Study Guide

Austenland Foolishness and Folly

By Shannon Hale

Foolishness and Folly

Seriously, a thirty-something woman shouldn't be daydreaming about a fictional character in a two-hundred-year-old world to the point where it interfered with her very real and much more important life and relationships. Of course she shouldn't. (1.50)

Yeah, Jane doesn't really buy this, even though she's thinking it. If she did buy it, the book would end at Chapter 1.

How do you do, Miss Erstwhile, what-what? [...] Spit spot I hope. (4.29)

Boy, Miss Charming couldn't put a sentence together using British slang to save her life. At least she's good comic relief.

Don't you know that [barmy] means it was good? Right smashing? (6.23)

One again, Miss Charming becomes a foolish Mrs. Malaprop. Barmy means "mentally irregular." Perhaps Miss Charming is a mite barmy herself.

A house full of Regency dreamboats and [Jane] chose the root-beer-sipping gardener. (7.8)

Jane seems to find it completely ridiculous that she fell for the sexy gardener who has seduced her. We're not all that surprised. American romantics like strong, working-class people (at least in books and movies), despite their fascination with the haughty gentlemen of the world.

You stupid, stupid girl, she thought. You were fantasizing again. Stop it! (8.37)

Jane often has to give herself a mental face-palm when she realizes how ridiculous she's being. This trip to Austenland was supposed to squelch her fantasy life, but it seems only to feed into it.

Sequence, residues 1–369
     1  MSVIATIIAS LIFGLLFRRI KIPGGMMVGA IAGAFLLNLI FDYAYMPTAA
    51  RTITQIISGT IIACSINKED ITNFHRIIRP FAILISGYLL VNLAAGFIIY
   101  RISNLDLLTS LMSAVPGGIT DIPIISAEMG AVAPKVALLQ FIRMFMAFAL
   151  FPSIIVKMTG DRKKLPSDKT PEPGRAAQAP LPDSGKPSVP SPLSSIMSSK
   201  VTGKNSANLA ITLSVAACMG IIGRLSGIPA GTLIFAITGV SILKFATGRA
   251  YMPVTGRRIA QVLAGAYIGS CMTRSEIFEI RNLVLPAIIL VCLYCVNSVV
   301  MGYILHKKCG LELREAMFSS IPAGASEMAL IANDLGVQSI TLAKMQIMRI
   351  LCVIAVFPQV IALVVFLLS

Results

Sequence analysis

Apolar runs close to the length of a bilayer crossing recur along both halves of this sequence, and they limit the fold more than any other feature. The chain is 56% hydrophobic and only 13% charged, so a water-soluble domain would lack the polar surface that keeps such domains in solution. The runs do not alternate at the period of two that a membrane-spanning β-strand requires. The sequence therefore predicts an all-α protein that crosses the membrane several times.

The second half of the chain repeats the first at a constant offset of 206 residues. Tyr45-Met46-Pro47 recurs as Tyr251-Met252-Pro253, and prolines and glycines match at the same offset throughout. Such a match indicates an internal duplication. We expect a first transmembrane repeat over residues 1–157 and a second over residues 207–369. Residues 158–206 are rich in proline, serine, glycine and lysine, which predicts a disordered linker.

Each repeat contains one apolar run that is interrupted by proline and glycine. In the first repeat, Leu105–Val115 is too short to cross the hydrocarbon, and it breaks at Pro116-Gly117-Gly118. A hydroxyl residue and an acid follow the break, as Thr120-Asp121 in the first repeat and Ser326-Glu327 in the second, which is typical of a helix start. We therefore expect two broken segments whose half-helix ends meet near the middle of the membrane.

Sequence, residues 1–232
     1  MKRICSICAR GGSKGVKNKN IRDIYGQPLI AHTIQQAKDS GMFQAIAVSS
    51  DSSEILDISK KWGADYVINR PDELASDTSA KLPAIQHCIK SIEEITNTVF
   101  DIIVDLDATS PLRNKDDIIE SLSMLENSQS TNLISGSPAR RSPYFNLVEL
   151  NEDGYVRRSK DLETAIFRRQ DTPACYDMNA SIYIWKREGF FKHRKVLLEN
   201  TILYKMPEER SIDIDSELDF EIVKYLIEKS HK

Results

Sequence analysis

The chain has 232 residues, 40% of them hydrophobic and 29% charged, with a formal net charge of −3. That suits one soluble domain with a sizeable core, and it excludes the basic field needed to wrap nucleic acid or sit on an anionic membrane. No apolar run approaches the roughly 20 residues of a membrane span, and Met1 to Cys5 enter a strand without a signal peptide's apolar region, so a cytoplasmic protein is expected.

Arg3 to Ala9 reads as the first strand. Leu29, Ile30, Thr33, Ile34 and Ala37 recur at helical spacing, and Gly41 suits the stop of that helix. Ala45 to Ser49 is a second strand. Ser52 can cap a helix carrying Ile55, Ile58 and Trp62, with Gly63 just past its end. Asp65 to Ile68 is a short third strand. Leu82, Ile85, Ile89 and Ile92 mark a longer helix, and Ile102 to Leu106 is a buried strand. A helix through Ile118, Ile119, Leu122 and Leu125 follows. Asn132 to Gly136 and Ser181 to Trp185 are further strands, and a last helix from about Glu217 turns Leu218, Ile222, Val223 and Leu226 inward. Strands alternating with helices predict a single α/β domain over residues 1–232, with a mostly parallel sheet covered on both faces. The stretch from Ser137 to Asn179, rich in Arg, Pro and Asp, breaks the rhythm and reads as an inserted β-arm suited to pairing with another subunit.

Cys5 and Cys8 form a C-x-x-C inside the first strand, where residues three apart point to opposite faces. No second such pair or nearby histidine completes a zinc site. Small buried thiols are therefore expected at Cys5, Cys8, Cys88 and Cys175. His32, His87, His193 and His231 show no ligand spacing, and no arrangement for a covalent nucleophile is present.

Um, did I just say, "Ya"? (9.21)

It's a funny moment when Jane almost goes ninja on Mr. Nobley. Maybe she thought she was in a Pride and Prejudice and Zombies resort for a hot second.

[Jane] just needed to screw her head on straight so that she could properly enjoy being young and female and as beautiful as she wanted to be. (9.48)

Jane thinks that her foolishness gets in the way of her pursuit of a man, but it seems to us that Mr. Nobley actually finds her silliness quite endearing.

Jane was shocked to recognize in her old self more of the anxious marriage-obsessed Mrs. Bennet than the lively Elizabeth. (12.12)

Mrs. Bennet is one of the least sensible characters in Austen's novel, and frankly, in this case, we have to agree with her.

I hate him and he hates me. It's perfect! (15.54)

This is the kind of logic that drives many modern-day novels inspired by Pride and Prejudice… including all of the Young Adult novels that feature a scowling male protagonist. By which we mean: all of them.

Maybe I really don't want this, she thought. This is summer camp. This is a novel. This isn't home. I need something real. (18.38)

Novels were considered the ultimate folly in Jane Austen's time. Ironic, given that we still love them and study them today.